Keeping Perspective: The TSP and Your Retirement Future

By on September 28, 2010 in Current Events with 0 Comments

In response to a recent article entitled Do You Trust Congress With Your TSP Investment, the answer appears to be that readers do not trust Congress with their TSP investment, based on the numerous comments posted.

Several readers were moved to ask a variation of this question: “Should I cash out of my TSP now?”

The choice is yours, of course, as it is your retirement money. As an active or retired federal employee, I would leave my money in the TSP. Here is why.

First, the TSP is one of the best retirement investment vehicles available. In fact, it may be the best one available and, for most readers, it is superior to your other options. It is easy to understand, the government adds money to your investment and it is less expensive for an investor than your other options so that more of your money goes to work for you. That has not changed because a Congressmen introduced a new bill or that other Congressmen have issues they would like to be addressed by using the TSP in some way.

Second, as a TSP investor, you have a range of choices available ranging
from the underlying TSP index funds to the lifecycle funds. While it is true you cannot trade frequently within the TSP as you may be able to do in other accounts, for most people that is not a major drawback. Some readers have written to us that they have made considerably more money by moving money in or out of specific TSP funds based on the movement in the financial markets. I have no reason to doubt their veracity but, for most people, trying to time the market in this way results in losing more money than if you diversify your TSP investments, rebalance your investments occasionally, and keep adding money to your investment each pay period.

Third, while I do not trust Congress to effectively manage money any more than our most cynical readers, the government does not move quickly. As noted in yesterday’s article, a bill has been proposed to add a new fund to the TSP. This bill is similar to a proposal made in Congress more than three years ago. The proposal has not been implemented in the past three years and it is not likely to happen quickly this time around–even if the bill does eventually become law. There is no reason for anyone to move their funds out of the TSP right now if you are doing so just because of this new legislative proposal.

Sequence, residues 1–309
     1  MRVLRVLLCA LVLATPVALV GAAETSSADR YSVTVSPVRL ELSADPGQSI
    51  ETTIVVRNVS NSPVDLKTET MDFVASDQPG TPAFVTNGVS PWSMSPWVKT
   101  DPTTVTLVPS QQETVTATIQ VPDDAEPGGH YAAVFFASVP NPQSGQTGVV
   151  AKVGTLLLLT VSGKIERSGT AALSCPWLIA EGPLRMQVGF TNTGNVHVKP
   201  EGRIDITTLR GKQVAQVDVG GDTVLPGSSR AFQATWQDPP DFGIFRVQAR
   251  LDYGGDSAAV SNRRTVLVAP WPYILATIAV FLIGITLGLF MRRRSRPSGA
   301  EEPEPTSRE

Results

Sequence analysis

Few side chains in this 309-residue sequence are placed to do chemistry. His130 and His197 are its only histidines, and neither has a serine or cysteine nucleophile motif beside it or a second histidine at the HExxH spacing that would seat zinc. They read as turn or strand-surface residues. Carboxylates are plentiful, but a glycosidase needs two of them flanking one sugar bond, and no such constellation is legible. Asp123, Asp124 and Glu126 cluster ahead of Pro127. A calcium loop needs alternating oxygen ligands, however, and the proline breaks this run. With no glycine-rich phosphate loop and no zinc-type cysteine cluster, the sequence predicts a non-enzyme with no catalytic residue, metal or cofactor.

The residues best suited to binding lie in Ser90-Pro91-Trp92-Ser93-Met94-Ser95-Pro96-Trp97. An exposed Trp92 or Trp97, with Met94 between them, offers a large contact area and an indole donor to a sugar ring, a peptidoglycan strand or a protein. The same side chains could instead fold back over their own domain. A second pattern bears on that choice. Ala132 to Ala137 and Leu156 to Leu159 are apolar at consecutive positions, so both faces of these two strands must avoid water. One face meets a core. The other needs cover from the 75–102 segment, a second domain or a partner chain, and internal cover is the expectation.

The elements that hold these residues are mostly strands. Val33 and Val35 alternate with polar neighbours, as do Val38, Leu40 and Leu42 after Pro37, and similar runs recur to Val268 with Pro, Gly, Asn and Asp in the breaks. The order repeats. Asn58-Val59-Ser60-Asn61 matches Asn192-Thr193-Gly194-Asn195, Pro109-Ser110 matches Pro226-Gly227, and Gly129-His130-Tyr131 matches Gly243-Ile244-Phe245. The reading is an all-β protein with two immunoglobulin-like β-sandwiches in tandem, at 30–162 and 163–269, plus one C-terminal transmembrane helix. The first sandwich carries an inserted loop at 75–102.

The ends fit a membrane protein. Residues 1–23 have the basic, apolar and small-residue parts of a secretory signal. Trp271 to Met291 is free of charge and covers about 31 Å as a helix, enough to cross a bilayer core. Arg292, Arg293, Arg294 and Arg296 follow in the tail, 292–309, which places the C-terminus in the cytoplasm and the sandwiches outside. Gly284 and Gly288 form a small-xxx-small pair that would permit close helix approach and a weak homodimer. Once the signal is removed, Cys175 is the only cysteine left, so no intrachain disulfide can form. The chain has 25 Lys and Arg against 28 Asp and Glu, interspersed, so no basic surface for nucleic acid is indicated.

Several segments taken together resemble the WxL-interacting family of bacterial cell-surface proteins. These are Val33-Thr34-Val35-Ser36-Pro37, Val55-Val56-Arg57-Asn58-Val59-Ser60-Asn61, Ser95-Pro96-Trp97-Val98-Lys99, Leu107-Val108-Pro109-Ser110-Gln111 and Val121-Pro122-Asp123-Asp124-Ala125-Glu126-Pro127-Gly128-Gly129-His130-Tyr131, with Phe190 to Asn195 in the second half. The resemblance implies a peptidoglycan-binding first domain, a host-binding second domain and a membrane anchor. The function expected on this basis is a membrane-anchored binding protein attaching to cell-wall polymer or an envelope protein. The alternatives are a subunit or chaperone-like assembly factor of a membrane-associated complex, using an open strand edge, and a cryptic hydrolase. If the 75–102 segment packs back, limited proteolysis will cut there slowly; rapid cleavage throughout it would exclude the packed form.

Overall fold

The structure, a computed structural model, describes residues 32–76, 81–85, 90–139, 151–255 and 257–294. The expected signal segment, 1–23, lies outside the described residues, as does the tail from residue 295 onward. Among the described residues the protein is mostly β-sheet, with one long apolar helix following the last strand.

Fourth, the TSP is a excellent benefit for federal employees. Most private sector employees do not have a retirement option that is as easy-to-understand, as inexpensive, and as flexible as the TSP. Anyone who is eligible and not participating in the TSP is giving away money that the government will add to your account when you invest in the TSP.

Fifth, keep in mind that the management of the TSP has opposed the bill to add a new fund to the TSP options for the reasons outlined in that article. Their opposition to the bill is likely to carry weight with Congress. The result may be that the bill does not pass or, if it does pass, the bill may be altered in significant ways before it becomes law. We will keep our readers apprised of the progress of the bill or changes that may occur as it moves through Congress and how it may impact your retirement investments.

In short, the TSP is a significant financial and retirement benefit for federal employees. The safety and security of the TSP could be altered by Congress in the future and it is in your best interest to remain informed about potential changes that may impact your retirement future.  Generally, wise investment decisions are made with deliberation and based on your overall financial plan. The latest development in Congress is no exception and there will be opportunities to make your financial decisions before Congress acts.

© 2016 Ralph R. Smith. All rights reserved. This article may not be reproduced without express written consent from Ralph R. Smith.

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About the Author

Ralph Smith has several decades of experience working with federal human resources issues. He has written extensively on a full range of human resources topics in books and newsletters and is a co-founder of two companies and several newsletters onĀ federal human resources.

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